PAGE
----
According to the Diagnostic and Statistical Manual of Mental Health Disorders (DSM-5), the following are signs of an AUD:

  • Having a strong urge to drink
  • Failed efforts to reduce or stop drinking
  • Using alcohol despite knowing that it causes health problems
  • Drinking alcohol even when doing something risky, like driving
  • High ratio of family conflict
  • Drinking even though it makes it hard for them to carry out their duties at home or work
  • Using more alcohol than planned
  • If unavailable, put a lot of time and effort into finding it
  • Tolerance, in which a person has to use high amounts of alcohol to achieve the same benefits
  • When someone stops drinking, they will suffer withdrawal

Getting Help for Alcoholism

Recovery from alcohol addiction can be a complex and lengthy process. It might even seem impossible at times. Yet it isn’t. No matter how much you consume or how helpless you feel, if you’re ready to stop and get the help you need, you can beat alcohol abuse.

Also, you can change it anytime. You don’t have to wait until you’ve reached your lowest point. Some tips can assist you in starting on the path to healing right away, whether your goal is to stop drinking or reduce your use to low levels.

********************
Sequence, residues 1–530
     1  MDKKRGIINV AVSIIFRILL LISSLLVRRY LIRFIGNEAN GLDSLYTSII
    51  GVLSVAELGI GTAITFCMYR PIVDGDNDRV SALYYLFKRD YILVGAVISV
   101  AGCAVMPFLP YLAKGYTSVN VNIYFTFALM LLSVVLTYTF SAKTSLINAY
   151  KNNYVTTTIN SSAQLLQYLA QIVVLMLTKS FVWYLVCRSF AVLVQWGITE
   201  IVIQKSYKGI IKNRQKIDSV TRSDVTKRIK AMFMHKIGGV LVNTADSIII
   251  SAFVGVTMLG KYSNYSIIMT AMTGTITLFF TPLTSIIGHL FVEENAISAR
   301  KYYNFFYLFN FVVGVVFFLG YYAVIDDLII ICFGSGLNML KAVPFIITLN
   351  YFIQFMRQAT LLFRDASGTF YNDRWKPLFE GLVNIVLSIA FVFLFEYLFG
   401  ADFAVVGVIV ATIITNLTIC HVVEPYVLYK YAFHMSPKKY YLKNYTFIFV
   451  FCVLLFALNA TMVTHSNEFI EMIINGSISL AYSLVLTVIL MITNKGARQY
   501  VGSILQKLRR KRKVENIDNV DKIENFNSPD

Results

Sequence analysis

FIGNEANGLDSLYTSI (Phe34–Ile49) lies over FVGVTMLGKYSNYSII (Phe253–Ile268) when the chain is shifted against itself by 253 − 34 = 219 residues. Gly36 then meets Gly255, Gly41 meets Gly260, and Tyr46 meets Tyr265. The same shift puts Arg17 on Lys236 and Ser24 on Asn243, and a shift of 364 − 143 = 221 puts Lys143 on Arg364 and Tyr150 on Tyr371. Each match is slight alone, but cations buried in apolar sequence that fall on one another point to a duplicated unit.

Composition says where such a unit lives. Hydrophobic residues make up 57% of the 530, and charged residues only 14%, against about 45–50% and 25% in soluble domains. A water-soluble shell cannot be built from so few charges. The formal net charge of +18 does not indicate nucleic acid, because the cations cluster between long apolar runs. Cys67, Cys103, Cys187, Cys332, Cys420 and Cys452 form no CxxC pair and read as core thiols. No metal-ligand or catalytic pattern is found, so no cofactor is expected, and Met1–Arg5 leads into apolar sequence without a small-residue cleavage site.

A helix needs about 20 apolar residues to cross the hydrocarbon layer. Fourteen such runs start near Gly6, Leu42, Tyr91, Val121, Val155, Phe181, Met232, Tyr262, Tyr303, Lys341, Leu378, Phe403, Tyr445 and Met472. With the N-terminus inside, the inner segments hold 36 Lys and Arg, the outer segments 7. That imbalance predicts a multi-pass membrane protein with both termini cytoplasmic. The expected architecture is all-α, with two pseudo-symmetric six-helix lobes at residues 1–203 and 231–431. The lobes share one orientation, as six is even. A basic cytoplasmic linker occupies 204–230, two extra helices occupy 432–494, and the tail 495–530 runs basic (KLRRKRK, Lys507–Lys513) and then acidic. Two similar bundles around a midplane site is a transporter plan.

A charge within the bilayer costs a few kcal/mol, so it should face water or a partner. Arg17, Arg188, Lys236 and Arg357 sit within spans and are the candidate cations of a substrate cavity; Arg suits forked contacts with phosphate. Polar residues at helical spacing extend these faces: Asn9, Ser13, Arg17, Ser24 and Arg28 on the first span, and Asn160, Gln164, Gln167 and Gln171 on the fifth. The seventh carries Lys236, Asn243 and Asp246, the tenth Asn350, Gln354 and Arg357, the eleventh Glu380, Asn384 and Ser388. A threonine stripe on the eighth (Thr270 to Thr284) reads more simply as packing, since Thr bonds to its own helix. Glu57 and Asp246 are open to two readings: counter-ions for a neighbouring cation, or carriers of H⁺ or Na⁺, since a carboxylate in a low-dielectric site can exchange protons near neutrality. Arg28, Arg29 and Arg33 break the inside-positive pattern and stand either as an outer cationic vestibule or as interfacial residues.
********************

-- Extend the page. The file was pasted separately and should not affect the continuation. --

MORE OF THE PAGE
Most persons who struggle with alcohol abuse do not suddenly decide to change or alter their drinking patterns. Recovery happens over time. Denial is a barrier during the early phases of change. You could still find reasons to put things off even once you admit that you suffer from alcoholism.

It’s vital to identify your conflicted feelings around quitting drinking. Consider the benefits of each option if you’re unsure of your readiness for change or are having trouble making up your mind.

Long-term Benefits of Not Drinking

  • Your social and family relations would get better
  • Both mentally and physically, you may feel better
  • You have more time and energy to devote to the people and things you love

The analogy between the above would help you to decide on a change about alcohol abuse.

Other ways to get help for alcohol abuse may include the following:

Set Goals for Change

Setting up specific drinking goals is the next step after deciding to change. Your plans should be as definite, rational, and open as possible.

Decide which days you will drink and how many drinks you will allow yourself each day if your goal is to reduce your use. Try to commit to not drinking for at least two days every week.

Choose a limit for how much alcohol you’ll consume, but make sure it’s one drink daily for women and two for men. Moreover, try to have certain days each week when you won’t consume any alcohol at all.

To assist you in achieving your objective, keep a log of your drinking. Write down when and how much you drink for three to four weeks. You might be surprised by your weekly drinking patterns after reviewing the results.